Reserve Citizen Airman ensures all children can play

  • Published
  • By Debbie Gildea
  • 340th Flying Training Group Public Affairs
Close your eyes and listen to the rat-a-tat baby bird chatter, rolling trill of laughter, and the ever-so-serious instructions doled out to fellow imagineers, and you’ll agree, there’s nothing like the sound of children at play.

Open your eyes - at a little park in Kirby, Texas, a handful of adults are surrounded by a host of chattering children eager to play baseball. Towering above them all is Coach, whose calm and quiet presence encourages the animated athletes to be still, to focus, to listen.

Coach - Reserve Citizen Airman Lt. Col. Mark Hiatt, as he is known in the military - is the 340th Flying Training Group Director of Manpower and Personnel. He coaches the Challenger League Cubs, a team of children who range from 3 to 10 years old. They’re “special needs” kids, which means they have physical, mental, emotional or developmental needs that are different from many others’ needs.

Medical practitioners exist to help families with their kids’ special needs, but Hiatt focuses on a most critical need: he ensures they can enjoy the same game that their brothers, sisters and parents have enjoyed.

Hiatt started coaching youth sports in 2007 while living at the U.S. Air Force Academy in Colorado Springs, Colorado, when his sons, Stephen and Joshua, were 6 and 3 years old. He got involved in coaching special needs sports when his son, Daniel (now 10), had very few local options. Having supported Daniel’s efforts at other duty locations, he decided to get more involved to create special needs options for Daniel, while simultaneously coaching his youngest son, Jonathan (now 7 years old).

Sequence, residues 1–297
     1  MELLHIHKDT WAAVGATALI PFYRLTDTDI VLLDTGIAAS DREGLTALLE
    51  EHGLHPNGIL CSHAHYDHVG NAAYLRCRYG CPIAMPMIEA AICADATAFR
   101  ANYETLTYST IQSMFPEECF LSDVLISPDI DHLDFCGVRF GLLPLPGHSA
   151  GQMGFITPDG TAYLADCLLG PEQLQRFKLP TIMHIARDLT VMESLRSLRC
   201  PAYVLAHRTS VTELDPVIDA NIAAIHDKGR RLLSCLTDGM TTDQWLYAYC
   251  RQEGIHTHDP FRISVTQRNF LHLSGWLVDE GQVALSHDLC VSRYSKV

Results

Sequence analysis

With four boys playing sports, the Hiatt family makes it work - like any other large family, Hiatt said - including special needs options for Daniel.

While the on-going process has been daunting, recent positive news has fortified Hiatt to continue the hard work of expanding opportunities for special needs kids in his local area.

And it is work, albeit a labor of love.

Hiatt, who played sports in school, knows first-hand the benefits, including social and physical development. But there’s more to it for him.

According to national statistics, in any given area, 13.1 percent of the population is identified as special needs, Hiatt said. However, available local sports options are very limited.

That affects families in a couple of ways.

When fewer options are available and those available are too far away or during times that are not conducive, families with special needs kids don’t participate.

“Parents with several children, single parents, working parents all have challenges meeting their kids’ needs, so a family in the Greater Randolph area is unlikely to drive to San Antonio two or three times a week to get their kids involved in a program,” Hiatt explained.